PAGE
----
City of Pgh too many districts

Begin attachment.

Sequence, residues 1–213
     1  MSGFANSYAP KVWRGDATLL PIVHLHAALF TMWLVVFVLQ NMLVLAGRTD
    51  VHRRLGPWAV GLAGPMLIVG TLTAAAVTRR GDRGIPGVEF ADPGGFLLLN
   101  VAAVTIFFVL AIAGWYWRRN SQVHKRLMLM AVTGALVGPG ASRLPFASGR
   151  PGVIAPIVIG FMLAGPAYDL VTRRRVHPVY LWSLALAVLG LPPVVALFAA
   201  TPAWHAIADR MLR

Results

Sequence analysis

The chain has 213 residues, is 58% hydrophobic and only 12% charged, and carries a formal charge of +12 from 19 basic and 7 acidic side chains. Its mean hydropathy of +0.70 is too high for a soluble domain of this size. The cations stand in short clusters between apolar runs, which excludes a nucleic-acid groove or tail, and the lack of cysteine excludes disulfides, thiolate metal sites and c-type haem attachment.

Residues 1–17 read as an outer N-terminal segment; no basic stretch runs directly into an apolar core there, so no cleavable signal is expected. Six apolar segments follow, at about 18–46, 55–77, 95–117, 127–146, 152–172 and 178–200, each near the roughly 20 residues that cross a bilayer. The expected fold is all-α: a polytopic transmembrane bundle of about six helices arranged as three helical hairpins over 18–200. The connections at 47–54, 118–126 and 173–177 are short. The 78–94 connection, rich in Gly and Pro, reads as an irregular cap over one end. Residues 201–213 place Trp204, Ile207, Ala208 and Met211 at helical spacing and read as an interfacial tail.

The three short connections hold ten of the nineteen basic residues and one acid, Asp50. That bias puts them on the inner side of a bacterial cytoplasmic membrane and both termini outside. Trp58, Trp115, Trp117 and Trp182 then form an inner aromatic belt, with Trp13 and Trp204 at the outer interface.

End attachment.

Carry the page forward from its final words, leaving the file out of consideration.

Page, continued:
This is attorney and former Allegheny County Councilman Ed Kress. I want direct you to the decision in William L. Dailey, et. al. v. John DeFazio, et. al, Civil Action No. 01-1911 (W.D. Pa. 2001), where U.S. District Judge Robert Cindrich held that based upon the current census figures, at that time he was using the 2000 Census data, it was illegal for Allegheny County Council to have redistricted so that the City of Pittsburgh would have 6 County Council seats when the census figures called for the City of Pittsburgh to only have 4 County Council seats. Allegheny County Council when adopting these new district lines used rules that are similar to the Commonwealth of Pennsylvania's rules regarding the division of municipalities in redrawing legislative districts. As the Allegheny County administrative code requires that a municipality should be divided in as few districts as possible. Similarly, Article II, Section 16 of the Pennsylvania Constitution requires when drawing these legislative districts to avoid dividing a “county, city, incorporated town, borough, township or ward” unless absolutely necessary. Therefore, Judge Cindrich’s decision is relevant. Based upon his decision, the City of Pittsburgh should only have 5 seats in the house (4 districts within the City of Pittsburgh limits plus one district with 3/4 in the City and the other 1/4 with a population outside the City of Pittsburgh of 17,294.31) and only 2 PA Senatorial Districts. However, the current map gives the City of Pittsburgh 7 PA house seats and 3 PA Senate Seats. This map has included large municipalities like Shaler Township (28,132 pop.) and Scott Township (17,649 pop.) in their entirety within these City of Pittsburgh Legislative House Districts, when smaller municipalities would have provided the needed flexibility in drawing maps to maintain the proper amount of City of Pittsburgh Legislative House Districts while allowing suburban districts in their entirety to be within a PA House Legislative District. I want to thank the map makers in putting Ross Township together in one district, as it never should have been divided the way it had been in the past. However, there is no reason that all the residents of Shaler Township should be in a City of Pittsburgh dominated district when they are a municipality of that size. So please reconsider this decision. The census figures are clear. The City of Pittsburgh has lost some population, and based upon the new census figures the City of Pittsburgh should only have 5 PA house districts that are compact with smaller municipalities that fit entirely within those districts along with 2 PA Senate seats. Thank you for your time and consideration in this matter.